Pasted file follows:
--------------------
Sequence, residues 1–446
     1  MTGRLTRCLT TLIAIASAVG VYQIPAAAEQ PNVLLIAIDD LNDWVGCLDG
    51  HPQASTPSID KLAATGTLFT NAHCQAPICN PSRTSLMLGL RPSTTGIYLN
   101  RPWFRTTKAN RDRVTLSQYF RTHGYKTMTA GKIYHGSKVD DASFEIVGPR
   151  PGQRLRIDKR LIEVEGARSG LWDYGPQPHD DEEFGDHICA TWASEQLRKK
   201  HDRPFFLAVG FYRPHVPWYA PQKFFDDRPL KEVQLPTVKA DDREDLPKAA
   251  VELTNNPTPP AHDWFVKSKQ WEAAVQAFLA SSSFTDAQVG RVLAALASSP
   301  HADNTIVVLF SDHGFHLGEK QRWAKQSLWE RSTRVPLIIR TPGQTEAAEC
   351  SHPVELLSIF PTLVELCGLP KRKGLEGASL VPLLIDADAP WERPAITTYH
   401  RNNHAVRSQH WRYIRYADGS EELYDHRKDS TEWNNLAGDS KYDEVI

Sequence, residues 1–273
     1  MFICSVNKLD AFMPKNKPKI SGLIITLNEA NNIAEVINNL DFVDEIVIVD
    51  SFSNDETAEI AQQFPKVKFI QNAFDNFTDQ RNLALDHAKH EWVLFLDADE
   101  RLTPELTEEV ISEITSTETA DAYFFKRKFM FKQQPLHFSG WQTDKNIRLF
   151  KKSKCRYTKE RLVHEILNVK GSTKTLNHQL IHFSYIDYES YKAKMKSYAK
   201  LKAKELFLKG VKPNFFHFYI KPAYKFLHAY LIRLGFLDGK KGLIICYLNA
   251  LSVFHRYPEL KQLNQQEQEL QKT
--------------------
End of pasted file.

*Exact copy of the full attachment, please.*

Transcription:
Sequence, residues 1–446
     1  MTGRLTRCLT TLIAIASAVG VYQIPAAAEQ PNVLLIAIDD LNDWVGCLDG
    51  HPQASTPSID KLAATGTLFT NAHCQAPICN PSRTSLMLGL RPSTTGIYLN
   101  RPWFRTTKAN RDRVTLSQYF RTHGYKTMTA GKIYHGSKVD DASFEIVGPR
   151  PGQRLRIDKR LIEVEGARSG LWDYGPQPHD DEEFGDHICA TWASEQLRKK
   201  HDRPFFLAVG FYRPHVPWYA PQKFFDDRPL KEVQLPTVKA DDREDLPKAA
   251  VELTNNPTPP AHDWFVKSKQ WEAAVQAFLA SSSFTDAQVG RVLAALASSP
   301  HADNTIVVLF SDHGFHLGEK QRWAKQSLWE RSTRVPLIIR TPGQTEAAEC
   351  SHPVELLSIF PTLVELCGLP KRKGLEGASL VPLLIDADAP WERPAITTYH
   401  RNNHAVRSQH WRYIRYADGS EELYDHRKDS TEWNNLAGDS KYDEVI

Sequence, residues 1–273
     1  MFICSVNKLD AFMPKNKPKI SGLIITLNEA NNIAEVINNL DFVDEIVIVD
    51  SFSNDETAEI AQQFPKVKFI QNAFDNFTDQ RNLALDHAKH EWVLFLDADE
   101  RLTPELTEEV ISEITSTETA DAYFFKRKFM FKQQPLHFSG WQTDKNIRLF
   151  KKSKCRYTKE RLVHEILNVK GSTKTLNHQL IHFSYIDYES YKAKMKSYAK
   201  LKAKELFLKG VKPNFFHFYI KPAYKFLHAY LIRLGFLDGK KGLIICYLNA
   251  LSVFHRYPEL KQLNQQEQEL QKT